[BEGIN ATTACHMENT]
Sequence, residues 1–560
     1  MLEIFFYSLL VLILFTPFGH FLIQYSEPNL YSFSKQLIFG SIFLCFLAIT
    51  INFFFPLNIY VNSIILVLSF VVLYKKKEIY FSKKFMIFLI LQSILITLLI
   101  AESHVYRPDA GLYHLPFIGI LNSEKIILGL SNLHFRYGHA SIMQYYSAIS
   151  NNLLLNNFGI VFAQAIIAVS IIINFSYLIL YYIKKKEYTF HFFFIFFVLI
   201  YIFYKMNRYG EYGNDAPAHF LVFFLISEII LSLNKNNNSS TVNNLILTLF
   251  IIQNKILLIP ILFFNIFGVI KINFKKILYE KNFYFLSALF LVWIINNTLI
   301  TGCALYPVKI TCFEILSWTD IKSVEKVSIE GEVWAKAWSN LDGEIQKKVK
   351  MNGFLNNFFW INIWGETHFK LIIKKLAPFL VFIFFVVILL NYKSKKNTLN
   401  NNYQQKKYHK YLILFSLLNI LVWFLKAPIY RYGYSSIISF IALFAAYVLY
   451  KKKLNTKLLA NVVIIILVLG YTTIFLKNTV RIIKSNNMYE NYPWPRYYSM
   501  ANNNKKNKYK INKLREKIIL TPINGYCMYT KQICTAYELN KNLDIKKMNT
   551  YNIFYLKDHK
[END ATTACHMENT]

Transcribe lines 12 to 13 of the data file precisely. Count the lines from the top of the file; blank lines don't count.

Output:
   501  ANNNKKNKYK INKLREKIIL TPINGYCMYT KQICTAYELN KNLDIKKMNT
   551  YNIFYLKDHK